Adirondack Forum  
Rules Membership Donations and Online Store Adkhighpeaks Foundation ADKhighpeaks Forums ADKhighpeaks Wiki Disclaimer

Go Back   Adirondack Forum > The Adirondack Forum > Hunting and Fishing in the Adirondacks
FAQ Members List Calendar Search Today's Posts Mark Forums Read

Reply
 
Thread Tools Search this Thread Display Modes
Old 04-06-2016, 09:14 PM   #1
bigfish
Member
 
Join Date: May 2014
Posts: 35
Canoe cart

I am thinking about buying/building one. LL Bean has one for $130 that's looks pretty decent. Either that or I'm going to try and build one using mountain bike tires. Wondering if anyone has any experience either building one or used one of the pre-made ones.
bigfish is offline   Reply With Quote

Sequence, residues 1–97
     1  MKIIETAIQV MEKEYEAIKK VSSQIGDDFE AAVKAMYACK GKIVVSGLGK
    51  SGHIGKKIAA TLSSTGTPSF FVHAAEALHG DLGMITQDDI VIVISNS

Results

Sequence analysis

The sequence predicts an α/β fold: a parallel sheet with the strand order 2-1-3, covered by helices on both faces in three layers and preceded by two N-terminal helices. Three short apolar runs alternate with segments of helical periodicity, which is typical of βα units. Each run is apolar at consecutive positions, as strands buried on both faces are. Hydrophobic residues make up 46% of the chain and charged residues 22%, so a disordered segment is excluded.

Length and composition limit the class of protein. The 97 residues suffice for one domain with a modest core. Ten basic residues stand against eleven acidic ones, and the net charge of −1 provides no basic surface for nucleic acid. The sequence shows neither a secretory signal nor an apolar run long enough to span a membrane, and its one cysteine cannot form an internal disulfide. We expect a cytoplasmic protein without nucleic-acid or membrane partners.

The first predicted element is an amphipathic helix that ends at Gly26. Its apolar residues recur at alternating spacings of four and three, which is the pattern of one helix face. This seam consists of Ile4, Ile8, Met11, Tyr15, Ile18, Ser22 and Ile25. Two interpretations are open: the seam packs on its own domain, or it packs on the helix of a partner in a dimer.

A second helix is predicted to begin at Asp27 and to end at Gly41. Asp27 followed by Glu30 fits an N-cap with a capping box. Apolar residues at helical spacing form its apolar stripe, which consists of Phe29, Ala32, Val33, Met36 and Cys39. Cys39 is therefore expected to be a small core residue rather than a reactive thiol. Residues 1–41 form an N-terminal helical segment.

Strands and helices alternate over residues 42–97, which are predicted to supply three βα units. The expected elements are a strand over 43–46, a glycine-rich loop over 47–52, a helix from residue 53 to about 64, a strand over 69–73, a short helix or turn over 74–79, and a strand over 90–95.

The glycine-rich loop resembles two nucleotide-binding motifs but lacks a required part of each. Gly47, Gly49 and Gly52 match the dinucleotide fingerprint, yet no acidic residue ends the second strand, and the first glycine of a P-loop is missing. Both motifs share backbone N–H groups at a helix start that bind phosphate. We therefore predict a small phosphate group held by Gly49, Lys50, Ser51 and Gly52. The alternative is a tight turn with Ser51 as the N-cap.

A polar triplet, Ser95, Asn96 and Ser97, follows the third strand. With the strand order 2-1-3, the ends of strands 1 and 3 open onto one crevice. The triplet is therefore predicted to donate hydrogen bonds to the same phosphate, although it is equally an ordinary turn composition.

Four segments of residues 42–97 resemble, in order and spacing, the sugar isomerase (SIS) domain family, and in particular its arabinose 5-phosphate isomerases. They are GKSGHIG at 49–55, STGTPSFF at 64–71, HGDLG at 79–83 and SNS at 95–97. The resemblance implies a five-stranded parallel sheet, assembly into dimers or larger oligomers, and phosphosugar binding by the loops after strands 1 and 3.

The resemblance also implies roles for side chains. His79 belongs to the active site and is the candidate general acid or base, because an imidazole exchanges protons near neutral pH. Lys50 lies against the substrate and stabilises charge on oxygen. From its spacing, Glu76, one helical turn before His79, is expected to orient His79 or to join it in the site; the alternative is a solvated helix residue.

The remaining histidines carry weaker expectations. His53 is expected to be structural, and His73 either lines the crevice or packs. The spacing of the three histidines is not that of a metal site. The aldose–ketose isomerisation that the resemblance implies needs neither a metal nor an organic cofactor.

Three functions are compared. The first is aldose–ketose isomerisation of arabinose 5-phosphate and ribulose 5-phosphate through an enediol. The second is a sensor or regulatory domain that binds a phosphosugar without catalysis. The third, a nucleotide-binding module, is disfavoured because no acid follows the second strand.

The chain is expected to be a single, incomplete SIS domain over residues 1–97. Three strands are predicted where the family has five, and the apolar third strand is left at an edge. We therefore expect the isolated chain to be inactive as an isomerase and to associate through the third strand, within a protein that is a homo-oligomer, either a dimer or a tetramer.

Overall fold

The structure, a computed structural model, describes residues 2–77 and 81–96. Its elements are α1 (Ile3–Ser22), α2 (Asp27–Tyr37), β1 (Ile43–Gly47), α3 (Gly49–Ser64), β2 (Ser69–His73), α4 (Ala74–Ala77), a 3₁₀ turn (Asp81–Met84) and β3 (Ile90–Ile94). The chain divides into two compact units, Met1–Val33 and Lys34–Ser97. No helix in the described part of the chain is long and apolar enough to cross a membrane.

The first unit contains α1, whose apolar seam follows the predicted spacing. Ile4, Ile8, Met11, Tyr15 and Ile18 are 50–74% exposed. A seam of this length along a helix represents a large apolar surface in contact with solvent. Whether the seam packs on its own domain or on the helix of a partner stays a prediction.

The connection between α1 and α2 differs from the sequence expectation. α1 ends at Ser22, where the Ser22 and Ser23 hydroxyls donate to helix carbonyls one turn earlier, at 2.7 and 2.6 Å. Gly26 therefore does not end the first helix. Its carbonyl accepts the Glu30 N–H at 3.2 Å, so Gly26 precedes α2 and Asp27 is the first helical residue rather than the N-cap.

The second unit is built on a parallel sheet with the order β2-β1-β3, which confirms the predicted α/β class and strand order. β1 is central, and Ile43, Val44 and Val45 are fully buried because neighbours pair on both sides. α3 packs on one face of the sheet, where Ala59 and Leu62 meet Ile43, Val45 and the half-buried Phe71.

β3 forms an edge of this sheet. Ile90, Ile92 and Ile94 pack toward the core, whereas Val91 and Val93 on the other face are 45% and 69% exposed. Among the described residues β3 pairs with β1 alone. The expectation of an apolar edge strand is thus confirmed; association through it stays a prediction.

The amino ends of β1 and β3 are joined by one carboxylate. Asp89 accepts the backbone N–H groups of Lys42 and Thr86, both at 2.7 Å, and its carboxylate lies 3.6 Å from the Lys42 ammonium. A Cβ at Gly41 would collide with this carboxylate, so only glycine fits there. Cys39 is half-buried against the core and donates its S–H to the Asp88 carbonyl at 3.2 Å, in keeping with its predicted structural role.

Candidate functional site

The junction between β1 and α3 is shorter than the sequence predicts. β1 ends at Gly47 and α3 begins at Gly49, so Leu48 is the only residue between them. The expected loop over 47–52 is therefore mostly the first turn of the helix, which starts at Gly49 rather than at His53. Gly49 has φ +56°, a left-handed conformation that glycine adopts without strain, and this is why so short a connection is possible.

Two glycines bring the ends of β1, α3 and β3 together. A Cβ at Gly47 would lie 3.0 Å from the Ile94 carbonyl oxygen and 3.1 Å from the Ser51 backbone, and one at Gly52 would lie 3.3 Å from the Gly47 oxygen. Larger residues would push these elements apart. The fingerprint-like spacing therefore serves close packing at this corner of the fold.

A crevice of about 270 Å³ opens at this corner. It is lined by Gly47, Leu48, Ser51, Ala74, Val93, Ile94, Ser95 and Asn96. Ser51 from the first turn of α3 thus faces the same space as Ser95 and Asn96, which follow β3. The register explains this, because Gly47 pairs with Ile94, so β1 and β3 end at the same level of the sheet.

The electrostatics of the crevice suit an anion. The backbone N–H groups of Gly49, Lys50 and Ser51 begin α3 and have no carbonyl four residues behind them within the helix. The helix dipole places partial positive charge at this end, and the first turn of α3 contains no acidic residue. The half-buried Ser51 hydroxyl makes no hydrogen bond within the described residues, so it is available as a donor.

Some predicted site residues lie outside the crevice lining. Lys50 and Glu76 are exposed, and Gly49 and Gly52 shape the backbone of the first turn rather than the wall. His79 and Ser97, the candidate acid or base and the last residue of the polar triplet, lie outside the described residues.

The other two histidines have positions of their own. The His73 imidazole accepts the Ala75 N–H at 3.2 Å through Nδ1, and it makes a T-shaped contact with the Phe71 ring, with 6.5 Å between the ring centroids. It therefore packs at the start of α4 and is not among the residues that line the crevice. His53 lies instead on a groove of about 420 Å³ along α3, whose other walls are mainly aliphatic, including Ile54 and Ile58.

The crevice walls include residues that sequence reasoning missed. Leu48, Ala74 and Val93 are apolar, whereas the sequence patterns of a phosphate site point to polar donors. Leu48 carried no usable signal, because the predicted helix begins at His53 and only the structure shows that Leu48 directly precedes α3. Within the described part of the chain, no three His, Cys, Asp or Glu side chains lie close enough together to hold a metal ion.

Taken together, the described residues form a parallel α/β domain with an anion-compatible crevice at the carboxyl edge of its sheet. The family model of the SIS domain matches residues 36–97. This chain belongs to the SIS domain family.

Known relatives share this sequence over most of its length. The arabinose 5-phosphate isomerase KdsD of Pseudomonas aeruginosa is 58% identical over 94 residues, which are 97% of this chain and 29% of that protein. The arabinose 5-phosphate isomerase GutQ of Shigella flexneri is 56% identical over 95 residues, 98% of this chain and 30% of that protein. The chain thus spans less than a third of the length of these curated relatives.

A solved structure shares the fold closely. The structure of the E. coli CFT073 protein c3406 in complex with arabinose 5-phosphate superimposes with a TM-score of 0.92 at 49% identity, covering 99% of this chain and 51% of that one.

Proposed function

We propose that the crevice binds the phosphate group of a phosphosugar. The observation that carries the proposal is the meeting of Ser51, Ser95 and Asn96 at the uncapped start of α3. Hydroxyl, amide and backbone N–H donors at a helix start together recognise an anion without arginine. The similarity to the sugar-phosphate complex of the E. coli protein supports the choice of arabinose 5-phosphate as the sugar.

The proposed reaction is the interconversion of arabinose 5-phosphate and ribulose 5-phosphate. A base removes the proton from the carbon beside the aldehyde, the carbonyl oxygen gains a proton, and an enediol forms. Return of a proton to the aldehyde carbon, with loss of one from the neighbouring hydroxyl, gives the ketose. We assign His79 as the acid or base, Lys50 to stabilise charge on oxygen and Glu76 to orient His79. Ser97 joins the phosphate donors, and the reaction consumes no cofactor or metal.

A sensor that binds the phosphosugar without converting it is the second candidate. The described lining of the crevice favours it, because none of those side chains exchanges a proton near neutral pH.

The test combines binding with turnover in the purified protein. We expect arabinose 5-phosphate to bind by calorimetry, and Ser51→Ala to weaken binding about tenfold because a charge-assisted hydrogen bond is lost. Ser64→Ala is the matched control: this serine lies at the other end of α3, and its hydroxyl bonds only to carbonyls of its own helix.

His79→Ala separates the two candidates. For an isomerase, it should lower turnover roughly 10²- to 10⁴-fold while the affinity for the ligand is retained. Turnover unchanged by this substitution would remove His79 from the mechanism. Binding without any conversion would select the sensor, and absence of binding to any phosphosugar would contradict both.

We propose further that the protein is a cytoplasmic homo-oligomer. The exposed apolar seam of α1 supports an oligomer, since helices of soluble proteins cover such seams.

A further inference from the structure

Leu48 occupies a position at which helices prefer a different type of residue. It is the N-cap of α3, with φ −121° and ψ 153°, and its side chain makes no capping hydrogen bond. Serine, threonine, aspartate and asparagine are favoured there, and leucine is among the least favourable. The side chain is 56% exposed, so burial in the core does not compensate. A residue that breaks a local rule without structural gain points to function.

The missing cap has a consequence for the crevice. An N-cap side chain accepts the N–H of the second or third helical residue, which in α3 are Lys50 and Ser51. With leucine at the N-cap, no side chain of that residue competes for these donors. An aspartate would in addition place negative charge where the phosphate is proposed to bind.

Old 04-06-2016, 09:19 PM   #2
Justin
Moving along
 
Join Date: May 2006
Posts: 6,670
I've used this one several times with no complaints...
https://www.campmor.com/c/paddleboy-...nter-boat-cart
Justin is offline   Reply With Quote
Old 04-06-2016, 10:10 PM   #3
bigfish
Member
 
Join Date: May 2014
Posts: 35
Yeah that is basically the same one I was looking at. I thought I wanted to build one but if these pre-made ones hold up it will probably save me some time and headaches.
bigfish is offline   Reply With Quote
Old 04-06-2016, 10:36 PM   #4
OntarioSkiBum
Member
 
OntarioSkiBum's Avatar
 
Join Date: Oct 2011
Posts: 329
I was going to buy one until I saw plans to build one out of a milk crate. I haven't built it yet, but I'll send in pics when I do.
OntarioSkiBum is offline   Reply With Quote
Old 04-07-2016, 07:07 AM   #5
Banoe
Member
 
Join Date: Jul 2015
Posts: 49